Pebble Beach - Just What The U.S Open Needed. PDF Print E-mail

 

By Jason Bruno

The 119th edition of the United States Open also marked the 100th anniversary

for the iconic Monterey seaside destination known as Pebble Beach Golf Links.

America's national championship has had the identity as the games' sternest

test, a complete examination of both mind and endurance. But most recently

the championship has been mired in controversial rules infractions and course

set up debacles. It's no secret the event desperately needed a competition

free of the peripheral clutter.


 

 

The love affair the golfing public has with Pebble is only equaled by the Home

of Golf at St.Andrews in Scotland, so convincing anyone of the its worthiness

was not part of the narrative leading up to the championship. With USGA

Executive Director Mike Davis turning over all of his previous course set up

responsibilities to John Bodenhamer, this was a chance for a new perspective

from all participating and observing parties - players, the USGA, media and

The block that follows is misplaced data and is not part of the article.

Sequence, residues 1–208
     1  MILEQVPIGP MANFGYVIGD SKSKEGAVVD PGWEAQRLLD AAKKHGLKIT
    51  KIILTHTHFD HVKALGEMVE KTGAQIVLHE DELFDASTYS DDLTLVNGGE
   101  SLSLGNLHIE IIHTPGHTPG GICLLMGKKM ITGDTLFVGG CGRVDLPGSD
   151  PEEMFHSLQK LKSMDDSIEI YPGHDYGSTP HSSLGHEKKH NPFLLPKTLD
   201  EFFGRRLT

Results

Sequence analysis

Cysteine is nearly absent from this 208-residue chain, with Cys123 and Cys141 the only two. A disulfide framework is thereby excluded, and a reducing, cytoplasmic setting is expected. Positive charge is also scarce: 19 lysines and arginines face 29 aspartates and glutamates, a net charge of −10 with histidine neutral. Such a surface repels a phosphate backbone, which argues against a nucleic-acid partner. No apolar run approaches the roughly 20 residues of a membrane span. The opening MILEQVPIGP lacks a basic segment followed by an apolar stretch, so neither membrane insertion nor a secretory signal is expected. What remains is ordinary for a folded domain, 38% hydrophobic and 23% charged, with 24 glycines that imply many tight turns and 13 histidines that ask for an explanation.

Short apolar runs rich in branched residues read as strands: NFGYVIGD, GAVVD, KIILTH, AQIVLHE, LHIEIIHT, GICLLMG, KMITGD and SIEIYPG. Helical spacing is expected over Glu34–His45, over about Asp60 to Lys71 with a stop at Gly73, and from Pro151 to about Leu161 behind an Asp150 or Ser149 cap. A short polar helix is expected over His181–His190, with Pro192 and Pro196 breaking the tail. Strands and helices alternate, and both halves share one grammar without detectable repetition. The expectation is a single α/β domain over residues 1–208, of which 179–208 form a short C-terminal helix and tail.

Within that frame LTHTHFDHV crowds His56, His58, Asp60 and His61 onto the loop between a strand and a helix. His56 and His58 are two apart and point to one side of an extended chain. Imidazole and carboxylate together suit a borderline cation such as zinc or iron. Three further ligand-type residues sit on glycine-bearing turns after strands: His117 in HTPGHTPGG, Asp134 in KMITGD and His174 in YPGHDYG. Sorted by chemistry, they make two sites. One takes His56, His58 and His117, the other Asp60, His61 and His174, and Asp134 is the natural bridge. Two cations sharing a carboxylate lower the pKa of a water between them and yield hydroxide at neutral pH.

the golfing public.

 

 

 

 

Bob Ford commands the 1st tee at Pebble Beach as the official U.S Open starter

 

 

 

 

 

 

 

Highly successful in past U.S Open Championships, Pebble Beach has a fifty

year lineage of iconic winners: '72 (Nicklaus), '82 (Watson), '92 (Kite), '00

(Woods winning by 15 shots) and '10 (McDowell). In fact, recently there was

a suggestion that the Stillwater Cove venue should host the championship

annually. This sentiment was wishful thinking of course, but just the mere

notion shows the stature that Pebble holds in the game.

 

 


 

 

Bodenhamer took the prudent approach of leaning a bit more on letting mother

nature dictate the course conditions and what the end result would be in terms

score. Allowing Chris Dalhamer - the Superintendent at Pebble Beach to do

what he does best was another key factor in getting the course to play flawlessly

in benign conditions, but also being fully prepared for a fair test had the weather

taken a turn for the worse. Bringing back the traditional "less greenside options"

U.S Open set up with 6 inch ankle deep "chop it out" ryegrass rough wouldn't be

my personal preference, but it is where the Far Hills hierarchy decided to go with

the set up. In the end, one could argue that with three of the best players in the

world near the top of the leaderboard on Sunday (Rose, McIlroy and Koepka)

and one who's been knocking on the door of major success for awhile (in Gary

Woodland) the USGA got it right.

 


 


 

So for all of the knocks the blue coats of Far Hills, N.J have taken in recent years,

lets give them an ovation for allowing Pebble Beach to shine at the 2019 United

States Open. On to Winged Foot next June . . .


 

 

 

 

 

 

Chris Dalhamer's Agronomy staff.